Neuromodulation a Cure for Prejudice?

Liam Davenport

October 23, 2015

Prejudicial and religious beliefs can be reduced by direct magnetic stimulation of the brain, scientists have discovered in findings that suggest that a fear response to threat may encourage negative or ideologic feelings.

They found that transcranial magnetic stimulation (TMS) of the posterior medial frontal cortex (pMFC), which is linked to responses to threats, resulted in significant reductions both in negative feelings toward immigrants who are critical of their country and in religious beliefs.

"The results provide evidence that relatively abstract personal and social attitudes are susceptible to targeted neuromodulation, opening the way for researchers to not only describe the biological mechanisms undergirding high-level attitudes and beliefs, but also to establish causality via experimental intervention," the investigators write.

"Understanding the psychological and biological determinants of increases in ideological commitment may ultimately help us to identify the situational triggers of, and individuals most susceptible to, this phenomenon, and thereby gain some leverage over the zealous acts that follow," they add.

The research, which is a collaboration between the University of California, Los Angeles, and the University of York, the United Kingdom, was published online September 4 in Social Cognitive and Affective Neuroscience.

"Striking" Finding

Previous research has suggested that the pMFC plays a key role in identifying differences between desired and current conditions and in subsequently adjusting behavior during decision-making tasks. This involves, in humans, increases in moral or cultural values following exposure to threats.

To examine the role of the pMFC in adherence to group and religious ideology, 38 undergraduates with largely moderate or extremely conservative views were paid to take part in a series of apparently unrelated tasks and to undergo TMS or sham stimulation.

Initially, the participants underwent TMS or sham stimulation and then engaged in a 10-minute filler task to ensure that the TMS downregulated pMFC activity. The participants were primed to have thoughts of death via a brief writing task, and they underwent a self-reported assessment of the impact of TMS on conscious emotion.

The participants next read essays, one critical and one complimentary of the United States, ostensibly written by immigrants, and were asked to evaluate the authors' personalities and attitudes. Finally, religious belief was measured using two self-report scales focusing on "negative" beliefs in the devil, demons, and hell and "positive" beliefs in god, angels, and heaven.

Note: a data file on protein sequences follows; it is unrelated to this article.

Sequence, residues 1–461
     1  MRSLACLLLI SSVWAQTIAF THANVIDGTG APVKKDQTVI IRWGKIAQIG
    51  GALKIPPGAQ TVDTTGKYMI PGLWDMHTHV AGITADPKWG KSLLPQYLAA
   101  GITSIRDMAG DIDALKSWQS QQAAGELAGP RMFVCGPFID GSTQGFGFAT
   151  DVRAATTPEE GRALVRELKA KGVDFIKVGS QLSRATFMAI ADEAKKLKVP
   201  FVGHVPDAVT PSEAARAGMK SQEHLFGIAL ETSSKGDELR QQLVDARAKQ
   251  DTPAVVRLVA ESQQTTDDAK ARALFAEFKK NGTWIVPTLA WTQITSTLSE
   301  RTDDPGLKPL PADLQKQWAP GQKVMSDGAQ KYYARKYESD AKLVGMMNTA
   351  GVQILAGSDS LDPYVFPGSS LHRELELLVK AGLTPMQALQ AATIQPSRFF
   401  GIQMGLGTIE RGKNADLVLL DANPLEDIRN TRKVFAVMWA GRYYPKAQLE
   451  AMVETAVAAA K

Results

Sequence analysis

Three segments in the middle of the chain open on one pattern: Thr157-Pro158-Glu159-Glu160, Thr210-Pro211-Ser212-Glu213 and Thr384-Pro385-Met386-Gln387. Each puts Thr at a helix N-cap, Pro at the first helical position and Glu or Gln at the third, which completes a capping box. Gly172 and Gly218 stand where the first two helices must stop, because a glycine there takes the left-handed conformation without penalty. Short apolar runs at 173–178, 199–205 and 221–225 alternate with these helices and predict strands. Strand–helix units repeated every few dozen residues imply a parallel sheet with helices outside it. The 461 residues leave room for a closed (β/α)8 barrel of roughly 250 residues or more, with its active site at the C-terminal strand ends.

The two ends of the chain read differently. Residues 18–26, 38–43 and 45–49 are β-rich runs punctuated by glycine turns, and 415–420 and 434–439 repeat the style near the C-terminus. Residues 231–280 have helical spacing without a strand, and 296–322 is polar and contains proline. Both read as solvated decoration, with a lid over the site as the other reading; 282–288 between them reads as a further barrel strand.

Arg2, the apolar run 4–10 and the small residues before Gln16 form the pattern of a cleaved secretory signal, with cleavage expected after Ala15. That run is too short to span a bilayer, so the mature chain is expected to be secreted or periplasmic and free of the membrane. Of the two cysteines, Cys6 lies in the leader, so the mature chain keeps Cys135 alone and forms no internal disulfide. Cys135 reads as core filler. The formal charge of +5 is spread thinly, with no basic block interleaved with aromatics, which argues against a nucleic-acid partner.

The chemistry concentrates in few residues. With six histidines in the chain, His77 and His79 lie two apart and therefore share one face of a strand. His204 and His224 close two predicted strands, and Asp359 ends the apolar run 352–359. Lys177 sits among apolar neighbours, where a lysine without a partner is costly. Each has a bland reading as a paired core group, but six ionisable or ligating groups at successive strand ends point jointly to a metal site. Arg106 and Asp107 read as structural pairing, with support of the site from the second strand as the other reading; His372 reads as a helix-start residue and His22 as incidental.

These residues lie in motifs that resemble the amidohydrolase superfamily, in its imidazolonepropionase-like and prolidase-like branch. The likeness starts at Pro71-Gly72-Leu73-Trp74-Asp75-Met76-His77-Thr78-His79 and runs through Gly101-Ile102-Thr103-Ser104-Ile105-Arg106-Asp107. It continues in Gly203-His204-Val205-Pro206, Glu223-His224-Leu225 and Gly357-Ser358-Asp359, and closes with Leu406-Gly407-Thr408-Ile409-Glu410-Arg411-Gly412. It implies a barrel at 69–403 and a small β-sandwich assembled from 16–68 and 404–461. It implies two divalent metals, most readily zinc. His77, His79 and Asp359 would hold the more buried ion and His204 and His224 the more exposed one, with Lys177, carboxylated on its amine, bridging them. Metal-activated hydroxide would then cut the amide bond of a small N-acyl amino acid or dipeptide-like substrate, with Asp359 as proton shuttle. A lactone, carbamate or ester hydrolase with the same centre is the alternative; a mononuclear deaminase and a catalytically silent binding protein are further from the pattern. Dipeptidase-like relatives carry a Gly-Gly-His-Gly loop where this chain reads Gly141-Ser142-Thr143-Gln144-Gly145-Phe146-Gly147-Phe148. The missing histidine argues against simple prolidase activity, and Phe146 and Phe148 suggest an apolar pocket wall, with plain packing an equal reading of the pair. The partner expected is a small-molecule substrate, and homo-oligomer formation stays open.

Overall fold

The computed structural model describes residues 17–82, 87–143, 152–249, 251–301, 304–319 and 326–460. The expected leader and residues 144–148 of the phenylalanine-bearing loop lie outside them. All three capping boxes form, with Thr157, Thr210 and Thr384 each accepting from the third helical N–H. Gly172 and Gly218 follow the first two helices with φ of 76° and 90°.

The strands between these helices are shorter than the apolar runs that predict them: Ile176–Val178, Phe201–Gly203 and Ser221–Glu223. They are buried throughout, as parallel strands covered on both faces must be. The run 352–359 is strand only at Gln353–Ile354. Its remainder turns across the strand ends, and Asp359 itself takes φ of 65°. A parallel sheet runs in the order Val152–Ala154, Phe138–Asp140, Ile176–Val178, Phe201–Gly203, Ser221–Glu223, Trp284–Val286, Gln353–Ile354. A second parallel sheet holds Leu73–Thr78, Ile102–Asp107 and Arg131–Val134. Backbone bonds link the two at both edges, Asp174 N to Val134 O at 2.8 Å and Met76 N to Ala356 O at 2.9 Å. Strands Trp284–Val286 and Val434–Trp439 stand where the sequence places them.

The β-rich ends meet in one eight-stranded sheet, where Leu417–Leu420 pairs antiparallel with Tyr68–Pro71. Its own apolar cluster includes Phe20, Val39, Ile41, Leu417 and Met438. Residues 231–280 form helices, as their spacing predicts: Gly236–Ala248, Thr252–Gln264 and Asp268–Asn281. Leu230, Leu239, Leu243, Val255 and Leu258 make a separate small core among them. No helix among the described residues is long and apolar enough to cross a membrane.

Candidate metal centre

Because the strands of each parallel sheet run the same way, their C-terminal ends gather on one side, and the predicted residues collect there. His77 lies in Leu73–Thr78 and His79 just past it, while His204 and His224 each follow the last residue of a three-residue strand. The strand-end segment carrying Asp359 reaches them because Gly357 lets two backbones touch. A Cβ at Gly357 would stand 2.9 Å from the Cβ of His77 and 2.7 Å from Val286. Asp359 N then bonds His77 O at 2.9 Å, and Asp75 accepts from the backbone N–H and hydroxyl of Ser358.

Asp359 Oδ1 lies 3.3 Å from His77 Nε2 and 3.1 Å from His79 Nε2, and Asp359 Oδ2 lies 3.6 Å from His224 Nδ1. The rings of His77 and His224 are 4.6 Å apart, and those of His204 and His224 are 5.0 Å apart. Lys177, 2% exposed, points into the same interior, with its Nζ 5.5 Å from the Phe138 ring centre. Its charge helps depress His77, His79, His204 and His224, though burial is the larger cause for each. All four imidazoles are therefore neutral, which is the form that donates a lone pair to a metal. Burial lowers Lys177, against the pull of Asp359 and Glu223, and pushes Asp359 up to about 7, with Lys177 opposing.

TMS had no overall impact on self-reported emotion. However, participants who had undergone TMS rated the immigrant critical of the United States 28.5% more positively than those who underwent sham stimulation (P = .012).

There was, however, only a nonsignificant 8.2% increase in the rating of the pro-US immigrant in the TMS group compared with the group receiving sham stimulation.

There was also a marginal trend for reduction in overall religious belief following TMS vs sham stimulation (P = .061). This was driven by a significant 32.8% reduced conviction in positive religious beliefs following TMS vs sham stimulation (P = .035). The difference in negative religious beliefs following TMS and sham stimulation was not significant.

Discussing the findings, lead researcher Colin Holbrook, PhD, Department of Anthropology, Center for Behavior, Evolution and Culture, University of California, Los Angeles, suggested that although this is outside the scope of the study, the example of the immigrant essay on the United States was illuminating in terms of some of the current issues facing society.

"What people often do in the face of criticisms, even when the criticisms are well founded, is, rather than opening themselves to the possibility that maybe they should try to meet these critics or these people from other groups and try to reconcile or come to some accommodation, they sort of circle the wagons and double down in a kind of hardening of their beliefs," he said.

He explained that from an ideologic point of view, if one's group ideology and its merits are being challenged, one solution is to "shout down the critic" and devalue the criticisms. "And that's an evil we found."

"The participants in our study who had not got this brain region temporarily deactivated rated the hostile critics quite a bit lower, which suggests that they were sort of solving the problem of the criticisms this person was posing by derogating them, by responding to them in a hostile way, and it's hard not to see parallels in the news," he said.